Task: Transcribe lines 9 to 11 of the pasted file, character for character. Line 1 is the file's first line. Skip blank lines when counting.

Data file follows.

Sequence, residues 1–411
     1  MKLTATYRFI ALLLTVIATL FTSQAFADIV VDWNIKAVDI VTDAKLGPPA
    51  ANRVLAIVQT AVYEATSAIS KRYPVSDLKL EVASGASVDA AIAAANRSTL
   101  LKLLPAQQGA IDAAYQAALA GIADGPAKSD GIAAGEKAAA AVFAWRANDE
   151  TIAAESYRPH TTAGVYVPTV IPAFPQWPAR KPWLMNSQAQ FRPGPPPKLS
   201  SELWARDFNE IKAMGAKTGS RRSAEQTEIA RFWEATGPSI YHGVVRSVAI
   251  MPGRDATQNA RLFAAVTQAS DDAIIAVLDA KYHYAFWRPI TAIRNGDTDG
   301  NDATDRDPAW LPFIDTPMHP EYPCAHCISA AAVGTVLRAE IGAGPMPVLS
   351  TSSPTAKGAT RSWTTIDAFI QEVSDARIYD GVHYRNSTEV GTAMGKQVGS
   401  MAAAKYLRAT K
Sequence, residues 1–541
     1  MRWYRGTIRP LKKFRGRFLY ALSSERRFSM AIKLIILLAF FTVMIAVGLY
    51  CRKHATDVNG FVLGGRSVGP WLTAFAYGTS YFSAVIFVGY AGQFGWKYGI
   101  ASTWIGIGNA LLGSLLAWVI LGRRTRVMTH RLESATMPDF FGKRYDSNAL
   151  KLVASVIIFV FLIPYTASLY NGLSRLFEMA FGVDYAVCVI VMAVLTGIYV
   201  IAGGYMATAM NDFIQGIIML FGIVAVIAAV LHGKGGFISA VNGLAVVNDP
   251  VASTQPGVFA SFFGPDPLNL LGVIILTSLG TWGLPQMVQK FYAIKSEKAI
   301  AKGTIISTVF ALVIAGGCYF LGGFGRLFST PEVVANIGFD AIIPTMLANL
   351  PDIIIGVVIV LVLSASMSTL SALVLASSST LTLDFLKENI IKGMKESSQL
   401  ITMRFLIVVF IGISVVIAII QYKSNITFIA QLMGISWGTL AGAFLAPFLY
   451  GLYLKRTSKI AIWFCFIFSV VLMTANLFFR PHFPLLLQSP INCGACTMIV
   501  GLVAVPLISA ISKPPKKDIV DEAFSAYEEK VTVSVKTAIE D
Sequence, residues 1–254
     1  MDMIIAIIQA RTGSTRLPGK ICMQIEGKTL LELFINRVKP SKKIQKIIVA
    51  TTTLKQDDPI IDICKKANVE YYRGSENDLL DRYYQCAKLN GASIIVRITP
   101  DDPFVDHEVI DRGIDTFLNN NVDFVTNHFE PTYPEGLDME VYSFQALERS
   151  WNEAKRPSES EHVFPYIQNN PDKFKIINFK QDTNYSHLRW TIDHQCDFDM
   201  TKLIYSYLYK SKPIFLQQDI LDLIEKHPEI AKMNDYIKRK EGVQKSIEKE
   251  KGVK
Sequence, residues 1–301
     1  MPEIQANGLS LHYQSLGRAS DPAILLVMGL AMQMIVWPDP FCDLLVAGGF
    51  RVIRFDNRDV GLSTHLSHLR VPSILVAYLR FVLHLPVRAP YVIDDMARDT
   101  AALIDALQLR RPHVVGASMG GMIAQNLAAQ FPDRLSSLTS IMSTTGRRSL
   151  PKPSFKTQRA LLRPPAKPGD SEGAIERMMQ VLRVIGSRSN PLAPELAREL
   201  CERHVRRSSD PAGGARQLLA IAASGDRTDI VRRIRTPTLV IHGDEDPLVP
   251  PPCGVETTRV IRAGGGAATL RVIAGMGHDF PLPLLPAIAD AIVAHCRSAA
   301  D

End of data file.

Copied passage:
   351  TSSPTAKGAT RSWTTIDAFI QEVSDARIYD GVHYRNSTEV GTAMGKQVGS
   401  MAAAKYLRAT K
Sequence, residues 1–541